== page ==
Carl Jung on Toni Wolff.
[Below is an Excerpt from “Jung, My Mother and I.” Catherine “Katy” Cabot knew Carl Jung and many of the early pioneers of Depth Psychology. She was a patient of Carl Jung’s and Toni Wolff. She affectionately referred to Dr. Jung as “Onkle.”
She maintained a diary of her meetings with Dr. Jung and others as well as her correspondence with them.]
I had an extraordinary interview with Uncle today and would like to write you about it, because it concerns an analysis of Toni and might help you with your own family problems, or give you insight into them. I asked Onkel why Toni was so hard and rough and gruff at times, and not at all understanding, sometimes. Uncle said that she had a remarkable mind, was a genius and a person of quality. Her animus is her hard and gruff side which comes through whenever the unexpected happens. I said that to me she seemed like a grouchy old man with the gout, and was at moments difficult. He said that side of her was absurd and grotesque and you often get such a side with people with a special gift. Those sorts of people have something original and unmanageable. After all, everyone has a flaw and Toni has a remarkable natural mind. What Toni cannot stand is something unexpected! When something changes or something unforeseen happens, she resists it like hell!
She likes to be prepared. When she is not prepared for something different, it is as if she were tippling over. She expects no door, and there is one, so she loses her countenance, becomes unmanageable and vanishes out of the picture. Uncle went on to say that it was ridiculous, but that nothing he could say would help, “If I wear a necktie she hasn’t expected, it’s all wrong with her! She likes everything to be the rule, and is frightened if something unexpected happens. It’s far better if one takes the trouble to get her accustomed to the unforeseen. He went on to say that she could not foresee that I would not come to Bollingen, when invited after Tommy’s departure. If she has made up her mind that the devil is to come, woe unto him if he doesn’t appear; he must appear as she expects to see him, so that she is not overcome by something new to face, for she will have no “attitude” to it. She is an introvert, and like all introverts, she fears the unexpected; it is hostile! Extroverts, on the contrary, like to have things different from what they expected. They just love it when something unforeseen happens.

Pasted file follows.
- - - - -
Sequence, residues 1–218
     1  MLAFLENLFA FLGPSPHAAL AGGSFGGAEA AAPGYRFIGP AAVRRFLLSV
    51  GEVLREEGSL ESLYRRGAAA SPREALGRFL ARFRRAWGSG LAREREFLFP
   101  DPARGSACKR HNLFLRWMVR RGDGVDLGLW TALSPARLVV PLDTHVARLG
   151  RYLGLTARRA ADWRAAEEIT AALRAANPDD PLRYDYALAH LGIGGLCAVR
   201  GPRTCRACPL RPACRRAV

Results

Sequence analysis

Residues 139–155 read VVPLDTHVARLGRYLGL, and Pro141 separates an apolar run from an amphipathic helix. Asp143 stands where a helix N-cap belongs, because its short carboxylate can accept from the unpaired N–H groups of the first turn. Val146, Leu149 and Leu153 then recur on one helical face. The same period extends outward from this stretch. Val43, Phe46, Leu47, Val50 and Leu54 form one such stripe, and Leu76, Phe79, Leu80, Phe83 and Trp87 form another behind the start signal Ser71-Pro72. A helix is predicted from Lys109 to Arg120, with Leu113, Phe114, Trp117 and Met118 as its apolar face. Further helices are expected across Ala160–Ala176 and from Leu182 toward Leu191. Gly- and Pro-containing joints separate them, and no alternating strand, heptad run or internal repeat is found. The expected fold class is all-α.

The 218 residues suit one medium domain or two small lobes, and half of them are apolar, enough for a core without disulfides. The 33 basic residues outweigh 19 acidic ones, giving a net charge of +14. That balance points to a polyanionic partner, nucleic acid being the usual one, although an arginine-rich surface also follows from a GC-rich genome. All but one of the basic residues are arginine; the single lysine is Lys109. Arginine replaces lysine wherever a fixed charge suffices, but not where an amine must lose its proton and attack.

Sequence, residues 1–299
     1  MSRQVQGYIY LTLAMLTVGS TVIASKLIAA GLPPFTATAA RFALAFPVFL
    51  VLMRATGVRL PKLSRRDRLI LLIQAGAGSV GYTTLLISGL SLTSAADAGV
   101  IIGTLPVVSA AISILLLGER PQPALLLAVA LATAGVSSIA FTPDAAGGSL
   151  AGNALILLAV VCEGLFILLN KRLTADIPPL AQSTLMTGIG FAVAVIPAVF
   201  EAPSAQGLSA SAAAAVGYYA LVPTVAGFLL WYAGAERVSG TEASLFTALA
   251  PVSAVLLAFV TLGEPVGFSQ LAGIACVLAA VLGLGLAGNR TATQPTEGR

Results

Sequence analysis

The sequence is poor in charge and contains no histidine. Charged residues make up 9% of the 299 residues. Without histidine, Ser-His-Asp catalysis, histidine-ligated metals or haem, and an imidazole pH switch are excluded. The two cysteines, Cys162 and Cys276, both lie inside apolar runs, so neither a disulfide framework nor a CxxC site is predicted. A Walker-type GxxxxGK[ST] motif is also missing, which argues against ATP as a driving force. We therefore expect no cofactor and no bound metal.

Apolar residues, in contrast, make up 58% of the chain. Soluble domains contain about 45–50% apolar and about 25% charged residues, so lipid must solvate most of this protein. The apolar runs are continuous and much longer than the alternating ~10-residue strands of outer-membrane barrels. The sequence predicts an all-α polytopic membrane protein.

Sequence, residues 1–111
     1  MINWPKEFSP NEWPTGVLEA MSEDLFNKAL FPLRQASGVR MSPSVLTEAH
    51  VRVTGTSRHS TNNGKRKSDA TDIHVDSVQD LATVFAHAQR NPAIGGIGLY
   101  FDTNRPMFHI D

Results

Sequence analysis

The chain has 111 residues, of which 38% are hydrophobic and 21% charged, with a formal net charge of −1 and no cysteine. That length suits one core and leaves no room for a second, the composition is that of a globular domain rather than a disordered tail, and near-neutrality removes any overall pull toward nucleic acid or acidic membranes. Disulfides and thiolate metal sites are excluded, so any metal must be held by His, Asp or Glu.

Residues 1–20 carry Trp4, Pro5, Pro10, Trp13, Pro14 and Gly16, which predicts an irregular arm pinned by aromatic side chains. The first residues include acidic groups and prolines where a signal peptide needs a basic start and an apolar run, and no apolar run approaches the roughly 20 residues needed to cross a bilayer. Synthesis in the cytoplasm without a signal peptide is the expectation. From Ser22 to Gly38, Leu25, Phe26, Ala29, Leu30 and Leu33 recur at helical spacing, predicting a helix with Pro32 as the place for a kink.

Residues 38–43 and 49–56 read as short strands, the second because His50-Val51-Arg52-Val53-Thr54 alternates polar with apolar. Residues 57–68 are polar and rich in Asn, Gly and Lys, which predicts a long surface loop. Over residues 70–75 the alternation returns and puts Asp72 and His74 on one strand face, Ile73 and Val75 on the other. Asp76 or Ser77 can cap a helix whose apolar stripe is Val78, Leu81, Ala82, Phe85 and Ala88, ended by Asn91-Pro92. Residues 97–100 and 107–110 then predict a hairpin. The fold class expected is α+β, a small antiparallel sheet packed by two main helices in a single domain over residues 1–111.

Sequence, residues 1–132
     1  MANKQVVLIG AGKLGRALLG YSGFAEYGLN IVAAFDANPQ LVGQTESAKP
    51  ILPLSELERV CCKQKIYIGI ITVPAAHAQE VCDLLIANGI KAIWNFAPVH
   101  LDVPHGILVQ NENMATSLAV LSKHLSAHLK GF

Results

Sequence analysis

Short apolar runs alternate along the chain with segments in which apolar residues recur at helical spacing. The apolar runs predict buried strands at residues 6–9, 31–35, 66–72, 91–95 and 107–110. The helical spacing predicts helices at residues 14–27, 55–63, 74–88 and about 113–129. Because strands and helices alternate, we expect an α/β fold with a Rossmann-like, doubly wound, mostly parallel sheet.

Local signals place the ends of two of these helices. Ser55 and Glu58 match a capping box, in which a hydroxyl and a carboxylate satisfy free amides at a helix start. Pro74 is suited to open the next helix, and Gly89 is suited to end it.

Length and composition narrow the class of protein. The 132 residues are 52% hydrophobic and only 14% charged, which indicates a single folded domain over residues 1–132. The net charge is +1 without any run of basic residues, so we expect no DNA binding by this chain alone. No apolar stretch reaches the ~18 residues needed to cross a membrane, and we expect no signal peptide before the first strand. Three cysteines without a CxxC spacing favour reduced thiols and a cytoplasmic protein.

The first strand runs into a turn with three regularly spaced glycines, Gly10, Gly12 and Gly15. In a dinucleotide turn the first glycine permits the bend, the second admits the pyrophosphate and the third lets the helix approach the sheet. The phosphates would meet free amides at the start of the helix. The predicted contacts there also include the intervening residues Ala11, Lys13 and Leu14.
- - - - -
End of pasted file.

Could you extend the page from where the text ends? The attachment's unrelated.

Toni is a very advanced person, but she comes from a most conservative family, who has lived in Zurich for centuries, and are like hard, old wood, Her mind is the only thing movable in her. If she had not that mind she would be stone-hard. She would live with the furniture of her great grandparents; she would not have a phone in the house, for the phone can ring to announce something unforeseen! Then Uncle went on to explain that with those old patrician families, you do not exist if you have a strange name, one which is not aristocratic, and one which they have not heard before, and know is all right. They must be able to invite the person on equal terms.
Then Uncle went on to tell a story about his mother-in-law, who had lived in Schaffhausen for hears; afterwards, coming to Basel, where she moved in the innermost circles. (Her ancestors had been famous in Schaffhausen as far back as 1430, an old patrician family.) This mother-in-law went to Ragaz for a cure, and met there another old lady like herself, also from Base’s most conservative set. Of course they saw quite a lot of each other. There was a girl in Ragaz who was alone, and seemed very sad. Uncle’s mother-in-law, who was a kind-hearted woman, sat down next to her on a bench one day, and talked to her, for which the young girl seemed very grateful. The next day, Uncle’s mother-in-law saw her friend from Basel, who looked horrified. She said to her, “How could you talk to that young person—one doesn’t talk to people one doesn’t know: she could be the daughter of an executioner!” Such sayings are a precious information regarding an instinctive resistance-a dark secret.
I asked Onkel if he couldn’t analyze Toni and cure here of that absurdity, the rough side of her nature, as it was unworthy of her to keep it when she had the opportunity to get rid of it, through some work with him. He said one cannot touch that subject with her-one cannot “get at it” – as when you approach her about it, the same revulsion takes placed as when something unexpected happens. It is sort of wheels-within-wheels, and one cannot do anything about it. She refuses to let one broach the subject. Besides one can’t, as the same process takes place and she gets gruff and annoyed. It is stronger than herself. She won’t own up to it, and it pushes her away and wont’ allow anyone to approach it. It is like a mine: when you touch it, it goes off. You can’t touch a mine: it is untouchable, he said. “So I dismissed it and have not tried to cure her, as she can’t be tackled yet. Maybe in time she can approach it, her great problem. But those humors of hers, those grouches, are flimsy nonsense and don’t make sense, so don’t’ pay any attention to them.
I told uncle that for a long time (since September) I had seen that her queerness and rudeness were absurd; that I had made up my mind to disregard them and just take her for her good sides, which were many. He said that was the thing to do. ~”Jung, My Mother and I;” Pages 233-236
Image: Left Toni Wolf; Center Unknown Man, Toni Wolff, Carl Jung; Right Toni Wolff.